Coordinating Electricity Market Reform: The argument for a framework

When we talk about problems faced by the energy sector, focus is generally on the failure of government policy and the decade-old vacuum this lack of direction has left the industry to manage against a backdrop of political pressure over prices and supply. 

The pressure has led to a massive volume of rule changes and reforms that are underway. However, rarely outside of the industry and associated stakeholder groups does this conversation focus on the impact of the current level of regulatory rule changes and reforms or how they all align.

Currently, the Australian Energy Market Commission (AEMC) and Energy Security Board (ESB) have 39 potential reforms across the electricity, gas and retail market open or pending with several others that have been recently made and are yet to commence. There are also numerous significant procedural changes underway under the auspices of the Australian Energy Market Operator (AEMO), the Australian Energy Regulator (AER) and state-based bodies.

In 2018 the AEC commissioned KPMG to review market design principles as the first stage in a process to improve the regulation of the National Energy Market (NEM). This second stage develops an effective framework of how measures from the NEM’s regulatory bodies and governments interact. The objective is to be able to effectively assess and implement rule changes and wholesale market reforms in a way that avoids unintended consequences and costly overlaps that are ultimately borne by consumers.

KPMG’s suggested framework to assess the congruency of wholesale market reforms (see panel below) has been released today. Coordinating Electricity Market Reform is an industry supported response to the current tangle of reforms and rule changes and the increased spread of responsibilities for change.

Congruency Definition

Off the back of the Finkel Review, the ESB was created. This has a new power such that rule changes can be implemented around the AEMC’s statutory rule making process (the body actually responsible for rule changes). The AEMC, ESB, AEMO and the AER are all playing more active roles in the arm wrestle over reform processes, and governments, both federal and state, have intervened in ways that ultimately impact the functioning of the NEM.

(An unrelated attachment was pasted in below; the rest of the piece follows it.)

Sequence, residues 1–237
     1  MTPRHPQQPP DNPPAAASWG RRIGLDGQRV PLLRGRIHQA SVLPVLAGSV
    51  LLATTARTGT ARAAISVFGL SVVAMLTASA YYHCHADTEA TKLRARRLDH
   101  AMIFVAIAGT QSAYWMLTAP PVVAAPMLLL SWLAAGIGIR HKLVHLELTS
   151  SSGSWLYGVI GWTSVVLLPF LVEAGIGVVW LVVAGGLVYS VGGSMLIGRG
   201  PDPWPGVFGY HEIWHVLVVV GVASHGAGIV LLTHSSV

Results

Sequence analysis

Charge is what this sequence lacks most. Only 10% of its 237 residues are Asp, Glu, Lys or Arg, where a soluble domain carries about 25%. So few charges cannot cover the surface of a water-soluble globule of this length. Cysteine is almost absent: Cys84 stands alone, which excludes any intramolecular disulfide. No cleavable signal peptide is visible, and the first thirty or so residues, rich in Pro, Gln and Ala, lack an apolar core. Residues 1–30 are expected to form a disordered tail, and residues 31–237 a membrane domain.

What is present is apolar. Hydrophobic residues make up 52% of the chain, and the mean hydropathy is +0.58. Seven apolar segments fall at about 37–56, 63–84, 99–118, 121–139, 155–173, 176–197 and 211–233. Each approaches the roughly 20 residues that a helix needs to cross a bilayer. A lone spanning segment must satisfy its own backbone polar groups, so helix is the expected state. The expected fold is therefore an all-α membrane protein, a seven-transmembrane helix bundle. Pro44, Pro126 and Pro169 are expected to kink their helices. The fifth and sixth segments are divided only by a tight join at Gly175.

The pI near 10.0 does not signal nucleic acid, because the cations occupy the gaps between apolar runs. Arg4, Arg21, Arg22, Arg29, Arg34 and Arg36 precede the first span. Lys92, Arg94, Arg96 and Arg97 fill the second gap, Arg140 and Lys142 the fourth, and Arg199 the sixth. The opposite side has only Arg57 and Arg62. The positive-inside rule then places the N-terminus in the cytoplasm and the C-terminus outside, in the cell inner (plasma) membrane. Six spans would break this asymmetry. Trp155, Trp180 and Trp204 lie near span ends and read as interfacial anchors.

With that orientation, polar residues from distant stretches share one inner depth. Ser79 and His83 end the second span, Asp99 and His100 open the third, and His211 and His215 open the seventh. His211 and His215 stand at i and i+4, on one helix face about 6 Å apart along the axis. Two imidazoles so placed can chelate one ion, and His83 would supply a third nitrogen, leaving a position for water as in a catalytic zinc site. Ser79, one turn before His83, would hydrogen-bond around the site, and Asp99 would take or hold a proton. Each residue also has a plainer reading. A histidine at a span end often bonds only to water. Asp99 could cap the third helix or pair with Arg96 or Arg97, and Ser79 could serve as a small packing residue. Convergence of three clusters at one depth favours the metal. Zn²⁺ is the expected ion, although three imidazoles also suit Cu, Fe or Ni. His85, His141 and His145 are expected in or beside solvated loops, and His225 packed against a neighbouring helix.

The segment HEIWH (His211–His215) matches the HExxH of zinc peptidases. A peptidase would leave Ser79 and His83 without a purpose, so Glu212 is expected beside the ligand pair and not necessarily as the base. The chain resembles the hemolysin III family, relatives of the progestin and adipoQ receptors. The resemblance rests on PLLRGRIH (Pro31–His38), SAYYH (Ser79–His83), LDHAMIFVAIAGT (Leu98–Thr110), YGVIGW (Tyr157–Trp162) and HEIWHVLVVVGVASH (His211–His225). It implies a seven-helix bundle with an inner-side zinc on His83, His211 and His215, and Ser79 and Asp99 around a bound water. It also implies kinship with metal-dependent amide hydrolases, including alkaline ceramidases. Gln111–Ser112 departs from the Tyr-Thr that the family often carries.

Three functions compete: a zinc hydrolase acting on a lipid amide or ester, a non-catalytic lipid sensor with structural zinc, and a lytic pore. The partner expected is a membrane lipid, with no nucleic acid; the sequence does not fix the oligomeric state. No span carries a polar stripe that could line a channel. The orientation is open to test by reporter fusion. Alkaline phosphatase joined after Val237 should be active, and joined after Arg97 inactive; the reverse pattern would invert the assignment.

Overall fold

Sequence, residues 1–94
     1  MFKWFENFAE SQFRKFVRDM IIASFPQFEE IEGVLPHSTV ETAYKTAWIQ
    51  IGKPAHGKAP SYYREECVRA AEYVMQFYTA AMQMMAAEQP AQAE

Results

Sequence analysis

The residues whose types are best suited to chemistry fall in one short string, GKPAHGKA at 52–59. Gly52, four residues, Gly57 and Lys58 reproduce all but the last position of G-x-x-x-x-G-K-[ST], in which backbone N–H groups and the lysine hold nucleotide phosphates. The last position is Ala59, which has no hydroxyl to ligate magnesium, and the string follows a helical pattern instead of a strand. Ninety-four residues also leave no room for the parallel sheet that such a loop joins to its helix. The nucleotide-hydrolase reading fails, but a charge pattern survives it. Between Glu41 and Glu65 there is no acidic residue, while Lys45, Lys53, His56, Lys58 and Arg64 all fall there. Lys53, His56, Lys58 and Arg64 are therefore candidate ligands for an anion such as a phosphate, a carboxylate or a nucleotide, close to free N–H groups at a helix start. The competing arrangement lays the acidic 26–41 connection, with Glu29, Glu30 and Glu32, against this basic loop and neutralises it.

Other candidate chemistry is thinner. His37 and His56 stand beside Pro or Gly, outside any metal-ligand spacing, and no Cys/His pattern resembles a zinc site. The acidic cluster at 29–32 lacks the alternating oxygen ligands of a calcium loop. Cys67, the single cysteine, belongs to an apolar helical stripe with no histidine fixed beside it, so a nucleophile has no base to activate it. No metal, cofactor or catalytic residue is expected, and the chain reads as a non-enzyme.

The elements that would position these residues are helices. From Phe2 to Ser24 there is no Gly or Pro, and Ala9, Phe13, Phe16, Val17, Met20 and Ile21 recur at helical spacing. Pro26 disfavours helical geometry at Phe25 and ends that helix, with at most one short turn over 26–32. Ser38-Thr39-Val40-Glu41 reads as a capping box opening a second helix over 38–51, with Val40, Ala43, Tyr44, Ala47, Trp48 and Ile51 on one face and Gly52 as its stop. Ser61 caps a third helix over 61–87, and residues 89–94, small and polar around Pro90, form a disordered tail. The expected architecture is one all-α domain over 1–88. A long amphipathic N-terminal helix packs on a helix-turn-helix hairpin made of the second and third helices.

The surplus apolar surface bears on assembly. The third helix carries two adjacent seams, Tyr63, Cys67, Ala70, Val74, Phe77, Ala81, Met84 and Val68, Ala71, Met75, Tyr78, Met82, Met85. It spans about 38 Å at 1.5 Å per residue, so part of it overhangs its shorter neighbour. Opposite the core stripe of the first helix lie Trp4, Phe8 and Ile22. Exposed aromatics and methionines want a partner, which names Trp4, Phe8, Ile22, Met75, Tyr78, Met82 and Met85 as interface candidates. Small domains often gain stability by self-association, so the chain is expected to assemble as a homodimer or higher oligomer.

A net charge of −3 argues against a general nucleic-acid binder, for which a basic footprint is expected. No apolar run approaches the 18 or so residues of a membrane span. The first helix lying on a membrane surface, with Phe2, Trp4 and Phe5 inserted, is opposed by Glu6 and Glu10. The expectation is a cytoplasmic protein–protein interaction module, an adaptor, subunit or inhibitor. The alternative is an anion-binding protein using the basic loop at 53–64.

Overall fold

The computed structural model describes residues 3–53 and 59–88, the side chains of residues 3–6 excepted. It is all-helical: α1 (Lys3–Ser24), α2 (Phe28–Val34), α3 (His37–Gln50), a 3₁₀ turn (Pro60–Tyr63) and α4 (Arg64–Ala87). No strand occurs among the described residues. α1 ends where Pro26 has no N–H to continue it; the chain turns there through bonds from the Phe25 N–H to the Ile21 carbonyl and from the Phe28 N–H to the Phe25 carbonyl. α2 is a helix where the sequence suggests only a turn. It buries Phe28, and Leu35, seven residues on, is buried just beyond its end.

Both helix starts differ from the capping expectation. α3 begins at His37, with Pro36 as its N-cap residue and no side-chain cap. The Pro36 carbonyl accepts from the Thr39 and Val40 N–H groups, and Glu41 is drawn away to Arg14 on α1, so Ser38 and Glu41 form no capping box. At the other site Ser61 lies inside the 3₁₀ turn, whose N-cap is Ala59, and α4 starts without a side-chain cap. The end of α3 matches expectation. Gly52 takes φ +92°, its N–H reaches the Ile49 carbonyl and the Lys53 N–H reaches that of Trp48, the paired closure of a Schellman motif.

At the same time, the industry is faced with two separate and wide-ranging reviews into the NEM that will have long-term effects on its design. They are:

  • The AEMC’s Coordination of Generation and Transmission Investment (COGATI) review; and,
  • The ESB’s post-2025 Market Design for the NEM (NEM2025).

So KPMG’s work is timely. KPMG’s brief was to take their 2018 market design principles (see below) and develop a framework that will allow stakeholders to navigate through the regulatory thicket created by rapidly evolving market conditions.

As mentioned above, the Finkel Review widened the spread of responsibility as multiple agencies compete in implementing the Finkel recommendations, resulting in serious questions about the ongoing governance of energy market reform.  The imperative now is to deliver a framework that highlights the importance of congruent policy and regulation that also recognises the impact wholesale electricity rules have on the efficiency of the electricity sector.

This is even more important now given the work being done in the two wide-ranging reform projects currently underway – the COGATI review and the NEM2025 process.

Internal and external factors affecting the NEM

KPMG’s review acknowledges the complexity of considering congruency issues in reforming the NEM and the value in determining what are internal to its operation compared to those that are external.

Table 1: External factors